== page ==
The good news about Omicron is, at this point, beyond dispute: it is a much less virulent strain of the virus than Delta. As I argued in this post, that’s actually a prediction of the “Immunosuppressed Patient Hypothesis”, the most popular theory of how Omicron developed its spectacular encrustation of mutations, which causes it to diverge much farther from existing lineages than any previously observed variant. Omicron would have needed some environment in which to develop all those mutations in such a relatively short time, and an immunosuppressed patient (of whom there are unfortunately many in South Africa due to the AIDS epidemic) would have supplied an ideal host environment. But a requirement for success would have been that Omicron “learn” not to kill that host, so that it would necessarily be the case that some of those mutations would code for more benign infection behavior.
So it now appears that the SARS-CoV-2 genome is drifting to lower virulence, although “drifting” seems like too mild a term for a process that is tearing through the whole world in about 2 months. Given the observed pattern of these variants, it seems a foregone conclusion that Delta will be gone from community spread by late January, and with it the mortality rates that we’ve come to associate with COVID-19. What’s to become of “long COVID”, and other strange, poorly-understood clinical aspect of the disease, I have no clue about. It will obviously still be a much better idea to be vaccinated than not, since who would rather have a month-long bronchitis than a 10-day sore throat/cough?
I don’t know whether or not it is reckless to call Omicron the pandemic “exit ramp”. I’d like to think that it is the exit. I am very confident that we’ll at least catch a break for a few months, after the wave crests. In fact, as of this writing, that’s already what is evident in South Africa, where Omicron originally got underway. So I am looking forward to letting my guard down a teensy bit in February.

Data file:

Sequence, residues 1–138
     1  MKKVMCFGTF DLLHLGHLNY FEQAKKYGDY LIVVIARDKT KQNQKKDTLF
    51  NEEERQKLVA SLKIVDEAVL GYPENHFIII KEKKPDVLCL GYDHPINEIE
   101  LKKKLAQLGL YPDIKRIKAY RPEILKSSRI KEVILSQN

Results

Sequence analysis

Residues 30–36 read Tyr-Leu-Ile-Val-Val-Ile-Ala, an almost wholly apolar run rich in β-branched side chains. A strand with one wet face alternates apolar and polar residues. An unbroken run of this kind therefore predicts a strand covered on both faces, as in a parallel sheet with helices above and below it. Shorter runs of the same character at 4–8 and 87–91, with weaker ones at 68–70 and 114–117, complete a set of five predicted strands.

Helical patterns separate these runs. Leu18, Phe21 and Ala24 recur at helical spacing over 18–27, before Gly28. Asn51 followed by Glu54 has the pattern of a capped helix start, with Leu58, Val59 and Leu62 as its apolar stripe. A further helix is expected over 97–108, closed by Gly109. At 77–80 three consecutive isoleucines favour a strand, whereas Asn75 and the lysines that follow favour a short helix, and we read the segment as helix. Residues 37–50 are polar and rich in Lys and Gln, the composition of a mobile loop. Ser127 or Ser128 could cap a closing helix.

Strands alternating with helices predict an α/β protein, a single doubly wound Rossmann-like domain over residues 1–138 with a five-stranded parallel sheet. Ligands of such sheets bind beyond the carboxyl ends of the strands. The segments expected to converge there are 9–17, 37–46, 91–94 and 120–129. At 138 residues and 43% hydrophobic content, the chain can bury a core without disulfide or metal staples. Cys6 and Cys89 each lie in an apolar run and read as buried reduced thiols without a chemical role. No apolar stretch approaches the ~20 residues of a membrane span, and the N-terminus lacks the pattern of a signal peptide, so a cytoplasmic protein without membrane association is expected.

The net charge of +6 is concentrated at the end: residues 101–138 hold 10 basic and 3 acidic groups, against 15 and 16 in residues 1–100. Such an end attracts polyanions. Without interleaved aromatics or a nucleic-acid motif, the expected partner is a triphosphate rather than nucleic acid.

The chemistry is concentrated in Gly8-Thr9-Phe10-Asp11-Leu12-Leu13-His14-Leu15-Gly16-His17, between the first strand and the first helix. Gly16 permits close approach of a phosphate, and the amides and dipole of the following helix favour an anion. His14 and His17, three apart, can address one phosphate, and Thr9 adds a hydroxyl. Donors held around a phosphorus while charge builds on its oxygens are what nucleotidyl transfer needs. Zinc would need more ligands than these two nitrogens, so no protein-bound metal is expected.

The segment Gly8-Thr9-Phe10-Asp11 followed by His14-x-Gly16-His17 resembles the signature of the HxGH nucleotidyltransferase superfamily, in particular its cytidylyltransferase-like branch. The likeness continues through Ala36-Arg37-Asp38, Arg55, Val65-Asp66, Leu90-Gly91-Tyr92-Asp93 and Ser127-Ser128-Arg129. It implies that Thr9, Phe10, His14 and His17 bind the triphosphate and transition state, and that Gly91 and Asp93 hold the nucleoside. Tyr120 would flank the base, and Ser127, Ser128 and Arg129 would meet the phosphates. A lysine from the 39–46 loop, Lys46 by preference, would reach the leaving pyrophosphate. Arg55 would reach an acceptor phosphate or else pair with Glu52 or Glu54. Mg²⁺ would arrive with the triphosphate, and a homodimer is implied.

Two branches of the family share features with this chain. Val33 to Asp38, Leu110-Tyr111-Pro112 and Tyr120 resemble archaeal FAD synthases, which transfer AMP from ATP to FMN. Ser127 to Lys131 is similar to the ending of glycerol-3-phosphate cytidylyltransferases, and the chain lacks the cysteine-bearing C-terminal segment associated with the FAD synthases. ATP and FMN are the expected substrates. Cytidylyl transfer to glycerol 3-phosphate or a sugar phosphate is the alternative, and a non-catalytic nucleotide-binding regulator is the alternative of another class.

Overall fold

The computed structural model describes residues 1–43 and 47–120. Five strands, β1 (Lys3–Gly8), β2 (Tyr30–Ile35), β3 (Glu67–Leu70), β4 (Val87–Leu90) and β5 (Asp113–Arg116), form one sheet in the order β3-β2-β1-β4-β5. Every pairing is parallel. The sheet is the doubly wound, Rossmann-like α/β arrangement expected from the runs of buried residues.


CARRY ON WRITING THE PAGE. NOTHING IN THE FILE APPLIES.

I think that even if we found an endemic Omicron something that we were prepared to live with, it would be reckless not to press on with plans to vaccinate as much of the World as possible against it as quickly as possible, so as to attempt to minimize the chances of a true vaccine-escape mutation—a SARS-CoV-3—evolving, circulating concurrently with Omicron but capable of reinfecting everyone who was infected with Omicron, even recently, even at the same time. The urgency of this effort is not going to go away even if Omicron grants us a break, and relaxing or deferring would be tantamount to adopting a mindset like that of the hapless protagonists of horror films who are certain that they are out of danger because they can no longer see the monster. The cost of jabbing 7-8 billion arms may seem high, but the cost of not doing so is almost certainly higher. Even subtracting vaccine-resisters, we could make a big dent in this risk.
Epidemic Surveillance Tools
I touched on epidemic surveillance at two places in this series. Both times, I noted an interesting aspect of “big data” that data scientists know about and prize, but perhaps needs more advertising in fields that have not been as affected by recent developments in data science and machine learning. The fact of the matter is that feature-rich data, when made available in abundance, can have transformative impacts on the quality of our inferences, predictions, and decisions.